The 2004 album Triosphere (Jazz & Arts Records), featuring reedist Steffen Schorn, saxophonist Roger Hanschel and guitarist Dirk Mudelien, points in the direction of the large ensemble work, Three Pictures. Schorn took over the reins of the Zurich Jazz Orchestra in 2014, and for the ensemble he has written and arranged the "Three Pictures Suite," "Africa Suite," and four other high-quality compositionsall highly layered and deftly nuanced works that point back to Triosphere, with a much expanded palette. If Triosphere was a small, deeply-textured oil painting, Three Pictures is a wall-spanning mural, the color brushed on with similar but more expensive techniques.
The Zurich Jazz Orchestra, launched in 1995 as "rehearsal band," has obviously evolved beyond that status. The disc's opener, "Eye Of the Wind," swirls with swooping harmonies that glow with a luminescent, near-Gil Evans delicacy and lightness, punctuated by fine and inspired solos.
"Africa Suite I" is denser and darker. And wilder. It drives hard. An elephant may be heard trumpeting from a sanctuary of impenetrable sonic foliage. The edgy and frantic "Der Wilbotz" is a crazily frantic lean toward the avant-garde that screams out an edge-of-the-seat introduction to the majesty of "The Three Pictures Suite, Part 1." It's a majesty that, in the beginning, slips into mystery painted with deep, interwoven low tones. The suite as a whole is a masterful exploration of tone and color, of brightness and dark grays, of beautiful sweeping harmoniousness and attention-grabbing clamor, of well-rendered solos and finely-crafted ensemble charting.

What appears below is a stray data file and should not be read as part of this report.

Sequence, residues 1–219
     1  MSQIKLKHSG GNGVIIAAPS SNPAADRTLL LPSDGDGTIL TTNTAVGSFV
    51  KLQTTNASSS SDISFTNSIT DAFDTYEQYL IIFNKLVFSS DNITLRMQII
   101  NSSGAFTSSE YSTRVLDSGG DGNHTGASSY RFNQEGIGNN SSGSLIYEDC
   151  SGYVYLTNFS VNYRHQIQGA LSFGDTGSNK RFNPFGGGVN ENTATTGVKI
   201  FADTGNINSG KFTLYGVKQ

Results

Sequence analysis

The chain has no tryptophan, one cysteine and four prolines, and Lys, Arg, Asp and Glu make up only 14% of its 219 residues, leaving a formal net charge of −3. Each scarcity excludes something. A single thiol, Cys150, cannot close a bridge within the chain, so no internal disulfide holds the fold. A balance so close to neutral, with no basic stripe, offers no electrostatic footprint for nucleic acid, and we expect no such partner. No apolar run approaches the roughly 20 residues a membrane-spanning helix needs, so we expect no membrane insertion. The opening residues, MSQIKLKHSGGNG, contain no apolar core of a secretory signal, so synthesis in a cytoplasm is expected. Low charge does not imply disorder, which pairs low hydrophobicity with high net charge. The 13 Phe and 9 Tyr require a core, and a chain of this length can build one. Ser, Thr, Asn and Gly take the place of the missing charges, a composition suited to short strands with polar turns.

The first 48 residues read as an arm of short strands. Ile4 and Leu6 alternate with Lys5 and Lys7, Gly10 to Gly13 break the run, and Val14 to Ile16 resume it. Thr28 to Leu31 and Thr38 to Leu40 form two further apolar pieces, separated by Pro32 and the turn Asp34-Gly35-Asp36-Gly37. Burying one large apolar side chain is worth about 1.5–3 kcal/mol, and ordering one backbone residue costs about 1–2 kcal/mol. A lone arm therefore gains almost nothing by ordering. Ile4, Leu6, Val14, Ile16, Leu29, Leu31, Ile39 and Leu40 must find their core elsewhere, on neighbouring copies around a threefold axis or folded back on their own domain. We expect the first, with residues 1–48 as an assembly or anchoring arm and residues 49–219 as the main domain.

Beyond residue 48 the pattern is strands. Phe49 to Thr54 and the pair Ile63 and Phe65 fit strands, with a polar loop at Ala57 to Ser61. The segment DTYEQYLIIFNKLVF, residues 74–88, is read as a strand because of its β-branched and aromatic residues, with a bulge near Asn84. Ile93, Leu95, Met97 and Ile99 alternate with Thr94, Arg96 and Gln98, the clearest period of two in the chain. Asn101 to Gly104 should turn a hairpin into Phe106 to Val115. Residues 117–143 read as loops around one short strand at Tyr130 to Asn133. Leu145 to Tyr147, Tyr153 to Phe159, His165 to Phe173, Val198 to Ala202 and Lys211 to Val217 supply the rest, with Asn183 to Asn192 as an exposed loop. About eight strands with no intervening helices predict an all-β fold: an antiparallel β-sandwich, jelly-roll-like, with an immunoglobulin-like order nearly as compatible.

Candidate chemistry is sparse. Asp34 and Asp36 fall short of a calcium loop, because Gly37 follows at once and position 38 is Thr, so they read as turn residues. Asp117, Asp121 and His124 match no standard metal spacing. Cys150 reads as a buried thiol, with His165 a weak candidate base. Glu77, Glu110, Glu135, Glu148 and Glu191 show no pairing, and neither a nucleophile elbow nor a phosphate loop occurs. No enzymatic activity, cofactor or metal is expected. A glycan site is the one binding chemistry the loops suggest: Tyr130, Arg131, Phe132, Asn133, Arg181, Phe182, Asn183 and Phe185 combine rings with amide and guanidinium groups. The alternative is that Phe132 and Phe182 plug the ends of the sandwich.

All this from Steffen Schorn and a former rehearsal band that has evolved into a dynamic and distinctive orchestra.
Track Listing: The Eye Of The Wind; Africa Suite, Part I; Africa Suite, Part II; Africa Suite, Part III; Der Wildbotz I; The Three Pictures Suite: Three Pictures Suite, Part I; Three Pictures Suite, Part II; Three Pictures Suite, Part III. Der Wildbotz II; Keep Your Tongue...; Ballade.
Personnel: Steffen Schorn: conductor, composer; Reto Anneler (soprano sax; alto sax, baritone sax, flute, alto flute, clarinet; Lukas Heuss: alto sax, baritone sax, clarinet, alto clarinet; Christoph Grab: tenor sax, bassclarinet, flute; Thomas Lüthi: tenor sax, clarinet; Nils Fischer: baritone sax, Eb tubax, bass clarinet, cb clarinet; Patrick Ottiger: trumpet, flugelhorn; Christian Mück; trumpet, flugelhorn; Wolfgang Häuptli: (trumpet, flugelhorn; Bernhard Schoch: trumpet, flugelhorn; Daniel Schenker: trumpet, flugelhorn; Adrian Weber: trombone; René Mosele: trombone; Maurus Twerenbold: trombone; Don Randolph: bass trombone; Gregor Müller: piano, keyboards; Theo Kapilidis: electric guitar; Patrick Sommer: bass, electric bass; Pius Baschnagel: drums.
I love jazz because it has allowed me to find my own voice.
I was first exposed to jazz as a child through my parents.
The best show I ever attended was Cassandra Wilson and Dianne Reeves. AMAZING!!!
The first jazz record I bought was Carmen Sings Monk.
My advice to new listeners is to listen with your heart and feel with your experiences.